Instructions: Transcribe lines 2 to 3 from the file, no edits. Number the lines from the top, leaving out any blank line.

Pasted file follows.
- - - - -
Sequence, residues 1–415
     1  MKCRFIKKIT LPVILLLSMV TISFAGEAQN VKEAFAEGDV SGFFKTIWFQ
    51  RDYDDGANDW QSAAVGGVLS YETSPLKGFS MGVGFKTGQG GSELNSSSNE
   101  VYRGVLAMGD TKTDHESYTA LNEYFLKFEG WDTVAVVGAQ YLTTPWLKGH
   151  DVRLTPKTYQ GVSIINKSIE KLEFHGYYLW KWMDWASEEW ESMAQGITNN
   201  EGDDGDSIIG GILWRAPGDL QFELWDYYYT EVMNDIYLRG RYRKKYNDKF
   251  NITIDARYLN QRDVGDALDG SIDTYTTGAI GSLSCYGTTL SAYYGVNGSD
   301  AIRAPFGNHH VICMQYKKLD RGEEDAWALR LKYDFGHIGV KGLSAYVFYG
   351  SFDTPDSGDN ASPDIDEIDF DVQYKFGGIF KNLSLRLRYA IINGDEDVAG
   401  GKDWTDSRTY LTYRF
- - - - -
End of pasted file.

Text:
     1  MKCRFIKKIT LPVILLLSMV TISFAGEAQN VKEAFAEGDV SGFFKTIWFQ
    51  RDYDDGANDW QSAAVGGVLS YETSPLKGFS MGVGFKTGQG GSELNSSSNE